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Who Makes a Better Attorney: Extroverts or Introverts?

By Andrew Chow, Esq. | Last updated on

When it comes to practicing law, who's better: extroverts or introverts? (Don't all speak up at once -- though we also understand if you're too shy to say.)

"It depends," may be the lawyerly answer. After all, it makes sense that extroverts would be attracted to "in-your-face" trial work, while introverts would prefer the quiet anonymity of the transactional department.

But results from a well-known personality test seem to defy the stereotype of lawyers as outspoken litigators. And a recent column in Wired suggests technology is bridging the gap between introverts and extroverts, including attorneys.

Results from the Myers Briggs Type Indicator assessment show that a whopping 57% of lawyers are introverts, a law firm consultant explained for FindLaw's Law Firm Management section. That's compared to just 25% of the general U.S. population.

Myers Briggs results also show that attorneys are:

  • Intuitors (57%), rather than Sensors;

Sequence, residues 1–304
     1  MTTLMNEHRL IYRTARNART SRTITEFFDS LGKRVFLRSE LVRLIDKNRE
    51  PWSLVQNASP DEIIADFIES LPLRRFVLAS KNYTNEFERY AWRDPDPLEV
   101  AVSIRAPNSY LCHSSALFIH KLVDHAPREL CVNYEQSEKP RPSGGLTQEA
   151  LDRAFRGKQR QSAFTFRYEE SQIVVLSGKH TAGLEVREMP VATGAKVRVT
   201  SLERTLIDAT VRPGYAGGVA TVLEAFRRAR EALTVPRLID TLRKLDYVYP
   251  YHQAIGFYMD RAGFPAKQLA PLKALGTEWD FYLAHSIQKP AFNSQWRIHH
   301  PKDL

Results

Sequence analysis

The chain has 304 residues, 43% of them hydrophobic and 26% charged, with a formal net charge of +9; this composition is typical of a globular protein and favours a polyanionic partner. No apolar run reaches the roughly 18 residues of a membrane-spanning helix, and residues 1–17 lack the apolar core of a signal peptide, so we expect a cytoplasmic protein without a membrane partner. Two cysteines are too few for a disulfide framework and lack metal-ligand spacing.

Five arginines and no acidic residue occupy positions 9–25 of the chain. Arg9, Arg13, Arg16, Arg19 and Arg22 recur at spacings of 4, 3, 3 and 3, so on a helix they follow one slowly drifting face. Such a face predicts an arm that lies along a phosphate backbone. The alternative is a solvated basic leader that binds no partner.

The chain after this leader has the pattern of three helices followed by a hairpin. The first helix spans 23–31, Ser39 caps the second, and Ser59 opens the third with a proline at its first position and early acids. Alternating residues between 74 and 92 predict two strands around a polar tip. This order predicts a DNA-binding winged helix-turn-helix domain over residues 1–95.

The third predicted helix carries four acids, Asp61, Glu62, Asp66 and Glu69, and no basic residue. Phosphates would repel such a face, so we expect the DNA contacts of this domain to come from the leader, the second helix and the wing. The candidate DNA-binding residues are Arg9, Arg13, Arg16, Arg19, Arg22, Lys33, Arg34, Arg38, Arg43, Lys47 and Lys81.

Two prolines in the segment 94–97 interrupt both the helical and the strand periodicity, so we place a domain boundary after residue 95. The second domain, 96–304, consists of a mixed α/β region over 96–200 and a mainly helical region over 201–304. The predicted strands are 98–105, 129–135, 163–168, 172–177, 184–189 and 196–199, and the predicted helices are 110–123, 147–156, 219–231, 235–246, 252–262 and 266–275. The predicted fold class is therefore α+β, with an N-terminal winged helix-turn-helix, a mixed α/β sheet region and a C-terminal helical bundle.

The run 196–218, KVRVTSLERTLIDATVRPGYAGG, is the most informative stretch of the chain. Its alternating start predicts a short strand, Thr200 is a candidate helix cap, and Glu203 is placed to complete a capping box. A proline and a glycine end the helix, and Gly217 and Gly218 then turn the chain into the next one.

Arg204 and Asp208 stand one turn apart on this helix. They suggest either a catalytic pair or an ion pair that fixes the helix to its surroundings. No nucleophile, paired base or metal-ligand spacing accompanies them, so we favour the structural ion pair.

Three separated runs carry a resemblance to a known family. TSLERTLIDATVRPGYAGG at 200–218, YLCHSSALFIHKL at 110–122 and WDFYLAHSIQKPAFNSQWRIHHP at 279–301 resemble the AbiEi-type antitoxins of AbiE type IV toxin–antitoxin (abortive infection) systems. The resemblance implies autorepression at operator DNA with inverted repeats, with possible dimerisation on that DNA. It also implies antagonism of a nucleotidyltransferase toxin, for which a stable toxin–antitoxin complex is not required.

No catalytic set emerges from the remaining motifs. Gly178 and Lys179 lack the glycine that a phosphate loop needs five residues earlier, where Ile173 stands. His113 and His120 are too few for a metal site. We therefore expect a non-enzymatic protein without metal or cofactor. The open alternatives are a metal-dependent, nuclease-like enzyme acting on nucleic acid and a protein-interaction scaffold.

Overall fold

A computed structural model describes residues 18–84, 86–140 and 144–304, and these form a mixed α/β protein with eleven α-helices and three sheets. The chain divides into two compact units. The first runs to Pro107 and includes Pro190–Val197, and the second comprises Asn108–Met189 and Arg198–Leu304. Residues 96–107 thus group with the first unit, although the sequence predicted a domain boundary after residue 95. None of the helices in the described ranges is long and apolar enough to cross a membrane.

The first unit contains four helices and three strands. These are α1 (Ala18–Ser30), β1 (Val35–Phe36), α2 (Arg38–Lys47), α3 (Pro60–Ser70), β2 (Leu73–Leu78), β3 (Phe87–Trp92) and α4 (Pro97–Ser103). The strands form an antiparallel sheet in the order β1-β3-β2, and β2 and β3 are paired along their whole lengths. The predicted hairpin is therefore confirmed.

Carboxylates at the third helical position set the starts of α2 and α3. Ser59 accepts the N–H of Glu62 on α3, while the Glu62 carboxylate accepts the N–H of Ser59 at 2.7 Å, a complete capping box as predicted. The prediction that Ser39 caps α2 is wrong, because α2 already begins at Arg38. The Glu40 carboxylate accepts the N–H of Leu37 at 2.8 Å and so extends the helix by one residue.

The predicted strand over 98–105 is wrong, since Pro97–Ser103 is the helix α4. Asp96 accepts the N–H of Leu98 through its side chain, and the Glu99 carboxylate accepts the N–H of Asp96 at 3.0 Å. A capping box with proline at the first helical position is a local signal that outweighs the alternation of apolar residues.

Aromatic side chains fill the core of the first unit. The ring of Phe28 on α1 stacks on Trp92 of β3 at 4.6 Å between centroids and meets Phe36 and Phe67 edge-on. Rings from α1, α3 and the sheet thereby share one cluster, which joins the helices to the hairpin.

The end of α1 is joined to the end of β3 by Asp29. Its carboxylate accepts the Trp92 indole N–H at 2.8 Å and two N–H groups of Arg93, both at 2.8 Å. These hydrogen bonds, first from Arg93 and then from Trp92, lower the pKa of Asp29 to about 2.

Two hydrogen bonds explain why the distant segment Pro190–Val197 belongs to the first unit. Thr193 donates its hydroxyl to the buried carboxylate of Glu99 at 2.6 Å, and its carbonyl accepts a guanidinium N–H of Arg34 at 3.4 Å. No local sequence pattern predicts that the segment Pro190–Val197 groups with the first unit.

• Thinkers (78%), rather than Feelers; and
  • Judgers (63%), rather than Perceivers.

With a majority of attorneys being introverts, it may come as no surprise that "lawyer" came in at No. 6 in the 2008 book "200 Best Jobs for Introverts." Many of the top jobs involved sitting at a computer for long hours, ABA Journal reported.

In fact, the growing use of new technologies like cloud computing is making it easier for introverts to speak up in the workplace, a recent column in Wired magazine suggests. Online collaboration gives introverts more time to step back, think, and reply with compelling ideas and criticism.

So while some specific practice areas may still be a more natural fit for extrovert or introvert attorneys, it may not be that way for much longer. Thanks to technology, the "quiet guy" in your law office may soon be heard just as loudly as everyone else.

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